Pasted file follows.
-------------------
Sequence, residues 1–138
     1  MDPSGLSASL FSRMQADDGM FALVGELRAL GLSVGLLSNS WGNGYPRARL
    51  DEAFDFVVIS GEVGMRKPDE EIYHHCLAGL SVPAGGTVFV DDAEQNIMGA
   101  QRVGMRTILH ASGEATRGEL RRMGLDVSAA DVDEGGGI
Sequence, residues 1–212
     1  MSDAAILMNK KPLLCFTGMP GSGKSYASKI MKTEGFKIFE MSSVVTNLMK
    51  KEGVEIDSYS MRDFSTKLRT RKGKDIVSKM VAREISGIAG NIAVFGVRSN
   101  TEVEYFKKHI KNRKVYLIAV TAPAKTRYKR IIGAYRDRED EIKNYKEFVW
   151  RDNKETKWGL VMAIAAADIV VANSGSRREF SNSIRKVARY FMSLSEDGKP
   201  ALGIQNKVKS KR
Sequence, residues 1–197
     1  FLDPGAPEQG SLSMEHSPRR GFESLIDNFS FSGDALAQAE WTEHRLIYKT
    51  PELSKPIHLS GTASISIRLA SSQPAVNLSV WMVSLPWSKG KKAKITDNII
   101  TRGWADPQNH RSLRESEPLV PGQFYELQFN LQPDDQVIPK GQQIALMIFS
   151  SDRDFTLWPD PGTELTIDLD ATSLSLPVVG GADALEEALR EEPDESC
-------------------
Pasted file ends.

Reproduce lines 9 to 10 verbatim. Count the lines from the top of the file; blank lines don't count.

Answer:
   151  RDNKETKWGL VMAIAAADIV VANSGSRREF SNSIRKVARY FMSLSEDGKP
   201  ALGIQNKVKS KR